Mobile and social media managers and influencers might be in for a surprise the next time they check their Twitter stats. That's because the company has started purging its platform of tens of millions of "locked" accounts, many of which boost the follower counts of tweeters large and small.
In less than five years, nearly seven of every 10 digital ad dollars will go to mobile, according to a fresh Forrester forecast -- thanks to a compound annual growth rate (CAGR) of 14.7% from 2017 to 2022.
Last week we looked at an impressive mobile point-of-sale (mPOS) forecast from Juniper Research. But those estimates pale in comparison to those for the broader field of mobile contactless payments.
Consumers' increasing willingness to do just about anything with their phones is driving these numbers. But, that's not the only factor.
In the wake of Facebook's Cambridge Analytica calamity, Tim Cook spitefully suggested that Apple was immune to such privacy breaches. That's because Apple doesn't "traffic in your personal life," Cook said at the time. "Privacy to us is a human right, a civil liberty." Since Cook made those comments, however, Apple seems to have determined that its developer agreements left it exposed to a major data mishap.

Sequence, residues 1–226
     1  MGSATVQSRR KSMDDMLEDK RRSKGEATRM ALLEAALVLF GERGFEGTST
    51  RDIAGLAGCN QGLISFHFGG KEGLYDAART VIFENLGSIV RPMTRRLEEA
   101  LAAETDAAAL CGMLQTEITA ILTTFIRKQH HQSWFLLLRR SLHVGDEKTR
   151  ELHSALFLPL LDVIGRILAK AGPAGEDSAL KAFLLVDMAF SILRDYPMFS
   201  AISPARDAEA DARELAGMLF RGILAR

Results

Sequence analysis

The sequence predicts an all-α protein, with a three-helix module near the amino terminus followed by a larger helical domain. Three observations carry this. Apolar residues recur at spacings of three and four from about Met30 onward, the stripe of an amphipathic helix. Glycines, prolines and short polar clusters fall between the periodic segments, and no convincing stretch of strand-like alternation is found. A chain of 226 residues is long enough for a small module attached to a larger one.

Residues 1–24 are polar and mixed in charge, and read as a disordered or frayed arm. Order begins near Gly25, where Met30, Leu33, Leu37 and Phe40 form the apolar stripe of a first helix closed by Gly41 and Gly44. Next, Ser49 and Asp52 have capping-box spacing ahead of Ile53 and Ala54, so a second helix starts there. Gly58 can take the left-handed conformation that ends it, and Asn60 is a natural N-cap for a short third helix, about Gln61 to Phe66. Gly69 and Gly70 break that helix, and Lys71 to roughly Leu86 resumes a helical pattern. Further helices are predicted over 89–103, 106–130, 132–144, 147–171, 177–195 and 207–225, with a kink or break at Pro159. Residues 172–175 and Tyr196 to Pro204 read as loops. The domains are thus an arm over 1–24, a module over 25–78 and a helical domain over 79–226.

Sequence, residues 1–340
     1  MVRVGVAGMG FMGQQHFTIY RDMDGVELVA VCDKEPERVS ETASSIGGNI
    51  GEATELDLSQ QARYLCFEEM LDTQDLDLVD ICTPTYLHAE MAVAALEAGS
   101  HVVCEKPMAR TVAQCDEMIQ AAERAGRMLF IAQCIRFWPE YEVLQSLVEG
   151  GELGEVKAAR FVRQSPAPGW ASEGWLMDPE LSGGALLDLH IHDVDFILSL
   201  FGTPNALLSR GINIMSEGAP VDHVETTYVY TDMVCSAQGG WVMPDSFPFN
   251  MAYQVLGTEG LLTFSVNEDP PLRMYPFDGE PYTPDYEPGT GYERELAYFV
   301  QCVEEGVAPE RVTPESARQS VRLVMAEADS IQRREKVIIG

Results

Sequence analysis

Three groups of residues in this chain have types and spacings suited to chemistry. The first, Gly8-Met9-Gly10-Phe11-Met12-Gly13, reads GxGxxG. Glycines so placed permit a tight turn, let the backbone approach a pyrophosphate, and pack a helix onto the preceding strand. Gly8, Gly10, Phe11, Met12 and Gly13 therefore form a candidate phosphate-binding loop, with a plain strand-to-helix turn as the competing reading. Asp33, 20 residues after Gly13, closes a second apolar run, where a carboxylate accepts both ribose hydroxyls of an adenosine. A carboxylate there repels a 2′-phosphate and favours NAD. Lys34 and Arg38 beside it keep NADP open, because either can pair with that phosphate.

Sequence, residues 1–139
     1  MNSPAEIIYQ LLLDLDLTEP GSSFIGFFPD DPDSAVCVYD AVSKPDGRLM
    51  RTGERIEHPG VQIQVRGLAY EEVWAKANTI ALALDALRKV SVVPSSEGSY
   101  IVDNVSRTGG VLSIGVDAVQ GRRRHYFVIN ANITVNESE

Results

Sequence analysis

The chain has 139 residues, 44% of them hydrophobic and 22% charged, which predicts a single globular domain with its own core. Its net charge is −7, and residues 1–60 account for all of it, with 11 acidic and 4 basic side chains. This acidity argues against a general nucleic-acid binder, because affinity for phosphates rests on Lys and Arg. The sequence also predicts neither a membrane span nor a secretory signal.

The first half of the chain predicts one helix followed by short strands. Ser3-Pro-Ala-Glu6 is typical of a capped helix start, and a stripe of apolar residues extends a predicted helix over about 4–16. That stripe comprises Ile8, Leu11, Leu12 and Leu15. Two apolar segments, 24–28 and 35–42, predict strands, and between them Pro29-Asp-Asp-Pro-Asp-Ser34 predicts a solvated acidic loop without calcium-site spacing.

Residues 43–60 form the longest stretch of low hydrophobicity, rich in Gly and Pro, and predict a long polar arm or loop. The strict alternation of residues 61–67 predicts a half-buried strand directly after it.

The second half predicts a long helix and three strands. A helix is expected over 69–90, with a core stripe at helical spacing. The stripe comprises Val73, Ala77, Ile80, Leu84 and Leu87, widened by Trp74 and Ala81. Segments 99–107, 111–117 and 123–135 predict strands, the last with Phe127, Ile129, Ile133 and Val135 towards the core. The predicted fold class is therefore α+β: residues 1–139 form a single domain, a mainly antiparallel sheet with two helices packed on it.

The growth of in-app mobile video ads is the result of two key trends in consumer technology: the high share of mobile time spent in apps and the growth in online video consumption, according to Brandon Verblow, associate forecast analyst at Forrester:
Alluding to Facebook and its ilk, Snap CEO Evan Spiegel said, "That's why traditional social media feels threatened." Yet while Facebook has plenty of reasons to feel threatened, Snap is looking less and less like one of them.
When it comes to their favorite local shops, people will forgive a lot: higher prices for products and services; odd hours of operation; and maybe even less cleanliness than they'd allow a chain store. Still, no mobile presence is apparently where a lot of folks draw the line, according to fresh findings from Facebook and Factworks.
After sampling 110 million installs earlier this year, AppsFlyer found that 28% of apps are booted from people's phones within 30 days of being uploaded. For extremely churn-sensitive developers, that percentage should be pretty scary. Yet, because it's representative of app use worldwide, the figure looks different depending on the region in question.
While child privacy issues remain a major obstacle -- and rightly so -- "smart" toys are poised for serious growth over the next several years. In just short five years, the market for smart toys -- and the software on which they run -- will be worth $18 billion.